Philip Chatfield, sculptor and consultant to the Trust, is currently artist-in-residence at Pluscarden Abbey in Scotland. He features in the January 20th 2024 issue of The Tablet in an article by Joanna Moorhead. Pluscarden has associations with Ignatius, detailed in Hugh Allen’s definitive work New Llanthony Abbey: Father Ignatius’s Monastery at Capel-y-ffin (Peterscourt Press 2016). Dom Asaph Harris, who was the acting Superior at Capel-y-ffin following Ignatius’s death in 1908, eventually came to Pluscarden via the community at Prinknash. Fr Asaph died in 1960, and is buried in the cemetery at Pluscarden. The bells from Ignatius’s monastery also found their way to Pluscarden, and can be heard in the video on the Monastery page.
The 2023 Trust Pilgrimage arrangements were affected by the road closure between Llanthony and Capel-y-ffin, with Evensong held at St Michael’s Church, Llanfihangel Crucorney instead of St Mary’s, Capel-y-ffin. However, the morning Eucharist service took place at St David’s Church Llanthony as in previous years. Please see the Trust FaceBook page for photographs taken by our Newsletter Editor, Michael Woodward.
The 2022 Trust Pilgrimage & ‘Our Lady of the Waters and the Wye’
Last year’s annual Father Ignatius Memorial Trust Pilgrimage, which commemorates the life of Fr Ignatius as well as the reported apparitions of the Virgin Mary in Ignatius’ day, took place on Saturday 3rd September. Always an ecumenical event, it started with a morning Eucharist service at St David’s Church, Llanthony, with the Gospel read in Welsh and English by Fr Philip Wyn Davies, formerly Vicar of Tregaron. Present in the church was a wooden statue of the Virgin Mary, fresh from a five-day journey down the River Wye. This project was conceived by trustee Fr Richard Williams, Vicar of St Mary’s Church in Hay-on-Wye, together with sculptor Philip Chatfield (who carved the statue from a block of Scandinavian redwood) as part of a campaign to highlight the severe problems from pollution affecting the river, including those caused by intensive chicken farming.
Morning Eucharist at Llanthony was followed by lunch at the Priory car park picnic tables, after which some pilgrims walked along the eastern side of the Llanthony valley to Capel-y-ffin, pausing for prayers outside the Baptist chapel. Evensong took place in the little church of St Mary the Virgin at Capel-y-ffin, with an inspiring address by Fr Sam McNally-Cross of St Thomas, Kensal Town, London. Philip Chatfield’s statue of Our Lady was then carried as part of the procession to the ruins of Fr Ignatius’s Abbey Church, with stations on the way at the Wayside Calvary and the Monastery forecourt. At the end of the afternoon, pilgrims enjoyed tea and cake on the monastery lawn, courtesy of Sue and Andrew Knill.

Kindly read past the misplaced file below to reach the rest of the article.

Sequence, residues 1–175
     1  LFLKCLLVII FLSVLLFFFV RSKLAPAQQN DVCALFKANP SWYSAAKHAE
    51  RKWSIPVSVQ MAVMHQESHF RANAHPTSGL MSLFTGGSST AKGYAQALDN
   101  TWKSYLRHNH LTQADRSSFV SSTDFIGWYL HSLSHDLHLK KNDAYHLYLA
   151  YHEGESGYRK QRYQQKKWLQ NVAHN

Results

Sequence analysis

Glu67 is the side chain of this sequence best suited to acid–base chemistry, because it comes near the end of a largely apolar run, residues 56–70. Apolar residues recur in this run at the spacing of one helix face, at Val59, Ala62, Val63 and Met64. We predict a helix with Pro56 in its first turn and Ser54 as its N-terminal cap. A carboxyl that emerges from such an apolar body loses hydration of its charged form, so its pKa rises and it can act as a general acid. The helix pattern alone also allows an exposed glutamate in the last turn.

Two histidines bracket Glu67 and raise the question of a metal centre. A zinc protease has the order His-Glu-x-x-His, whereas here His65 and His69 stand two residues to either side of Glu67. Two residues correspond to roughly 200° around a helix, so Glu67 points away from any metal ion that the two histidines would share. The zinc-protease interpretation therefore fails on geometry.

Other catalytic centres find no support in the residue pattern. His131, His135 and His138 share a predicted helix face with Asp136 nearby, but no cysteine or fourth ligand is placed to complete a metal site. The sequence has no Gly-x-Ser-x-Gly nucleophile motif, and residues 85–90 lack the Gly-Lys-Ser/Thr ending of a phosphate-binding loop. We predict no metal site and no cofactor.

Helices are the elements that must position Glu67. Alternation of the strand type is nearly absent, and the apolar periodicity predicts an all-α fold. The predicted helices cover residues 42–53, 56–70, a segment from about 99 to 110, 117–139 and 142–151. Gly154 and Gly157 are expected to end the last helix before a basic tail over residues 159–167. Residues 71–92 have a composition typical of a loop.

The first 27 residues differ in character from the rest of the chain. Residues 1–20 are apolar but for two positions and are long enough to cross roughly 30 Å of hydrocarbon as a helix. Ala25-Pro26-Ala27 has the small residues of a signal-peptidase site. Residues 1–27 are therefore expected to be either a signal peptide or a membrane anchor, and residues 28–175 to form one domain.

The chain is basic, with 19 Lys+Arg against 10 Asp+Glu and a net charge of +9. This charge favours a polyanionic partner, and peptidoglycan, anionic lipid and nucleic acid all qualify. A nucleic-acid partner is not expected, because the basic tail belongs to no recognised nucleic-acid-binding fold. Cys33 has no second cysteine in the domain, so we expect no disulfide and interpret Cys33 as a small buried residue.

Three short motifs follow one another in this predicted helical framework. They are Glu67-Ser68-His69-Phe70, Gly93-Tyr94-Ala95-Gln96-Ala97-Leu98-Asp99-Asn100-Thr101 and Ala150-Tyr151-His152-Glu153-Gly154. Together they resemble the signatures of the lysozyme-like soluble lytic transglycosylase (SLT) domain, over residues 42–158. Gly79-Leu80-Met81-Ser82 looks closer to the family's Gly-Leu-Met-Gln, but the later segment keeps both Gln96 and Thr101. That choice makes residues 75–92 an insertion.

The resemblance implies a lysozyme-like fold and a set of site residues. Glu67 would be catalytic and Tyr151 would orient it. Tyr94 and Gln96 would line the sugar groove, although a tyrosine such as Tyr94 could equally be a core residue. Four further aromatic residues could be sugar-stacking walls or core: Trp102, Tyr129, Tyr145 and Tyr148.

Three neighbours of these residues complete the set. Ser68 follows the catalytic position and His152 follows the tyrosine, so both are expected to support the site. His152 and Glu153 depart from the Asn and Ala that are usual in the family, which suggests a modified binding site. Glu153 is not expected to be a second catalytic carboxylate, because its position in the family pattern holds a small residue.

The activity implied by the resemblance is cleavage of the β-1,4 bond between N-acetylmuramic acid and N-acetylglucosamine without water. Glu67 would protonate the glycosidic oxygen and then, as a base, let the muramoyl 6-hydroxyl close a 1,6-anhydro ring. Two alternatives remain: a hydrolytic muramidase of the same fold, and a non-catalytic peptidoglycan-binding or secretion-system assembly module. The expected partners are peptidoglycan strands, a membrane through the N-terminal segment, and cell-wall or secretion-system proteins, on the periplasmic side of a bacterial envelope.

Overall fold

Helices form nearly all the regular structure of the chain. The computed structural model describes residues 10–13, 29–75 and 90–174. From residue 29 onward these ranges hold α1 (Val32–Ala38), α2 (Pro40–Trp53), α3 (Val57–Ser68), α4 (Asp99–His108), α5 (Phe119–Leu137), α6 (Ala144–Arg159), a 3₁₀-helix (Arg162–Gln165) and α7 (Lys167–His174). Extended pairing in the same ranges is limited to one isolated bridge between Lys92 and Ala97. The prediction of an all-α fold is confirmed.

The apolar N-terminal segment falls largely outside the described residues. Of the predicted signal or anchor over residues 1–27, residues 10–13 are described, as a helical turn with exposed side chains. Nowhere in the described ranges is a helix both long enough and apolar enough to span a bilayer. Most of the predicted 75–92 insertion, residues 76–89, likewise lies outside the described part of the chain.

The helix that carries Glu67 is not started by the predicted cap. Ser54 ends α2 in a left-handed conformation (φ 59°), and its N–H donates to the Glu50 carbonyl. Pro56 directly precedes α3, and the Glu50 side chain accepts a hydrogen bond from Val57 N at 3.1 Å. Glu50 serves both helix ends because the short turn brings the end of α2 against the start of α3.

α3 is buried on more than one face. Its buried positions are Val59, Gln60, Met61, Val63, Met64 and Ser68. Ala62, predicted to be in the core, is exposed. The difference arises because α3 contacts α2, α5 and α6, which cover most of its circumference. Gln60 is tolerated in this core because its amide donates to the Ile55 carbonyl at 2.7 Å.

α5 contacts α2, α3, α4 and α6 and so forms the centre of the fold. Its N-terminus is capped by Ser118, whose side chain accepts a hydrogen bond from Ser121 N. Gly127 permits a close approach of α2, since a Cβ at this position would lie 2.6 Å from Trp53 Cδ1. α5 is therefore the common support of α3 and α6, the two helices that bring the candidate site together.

The wooden statue, entitled ‘Our Lady of the Waters and the Wye’, had started its journey on August 15th at Hay-on-Wye, mounted between two parallel canoes, and then headed downriver towards its first stop at Bredwardine in Herefordshire. Philip Chatfield and local canoeist Callum Bulmer paddled the craft, occasionally having to push it through the shallows. At Bredwardine, the statue was greeted by Lyndon Eatough-Smith on trumpet and Cathy O’ Rourke on saxophone playing Bridge over Troubled Water. Gregorian chant sung by monks from Belmont Abbey followed in the historic Norman church at Moccas nearby. The statue’s 75-mile journey down the Wye took five days, with further stops at Hereford (with Evensong in Hereford Cathedral), Hoarwithy and Ross-on-Wye before its arrival at Monmouth, where the canoeists were greeted by Bishop Dominic Walker, with Evening Prayer in St Mary’s Priory Church. The statue’s voyage attracted a good deal of media attention, including articles in The Telegraph and The Guardian. It was subsequently taken by road into the Vale of Ewyas and over the Gospel Pass back to Hay-on-Wye, where it rests in St Mary’s Church.
An article in the Guardian newspaper gives more details, as does our Facebook page, which features photographs taken by Michael Woodward, our Newsletter Editor.
The 2021 Trust Pilgrimage took place on Saturday 21st August. The Eucharist was celebrated in the morning at St Mary’s Church in Hay-on-Wye, and after lunch, pilgrims travelled over the Gospel Pass to Capel-y-ffin. The weather remained dry for the afternoon Evensong service in the grounds of the Church of St Mary the Virgin, with an inspiring address by Fr Ben Rabjohns of Penrhiwceiber. A procession followed to the Monastery of Fr Ignatius, with stations at the Wayside Calvary and the statue of Our Lady, and with tea and cake afterwards on the Monastery lawn, courtesy of the Knill family.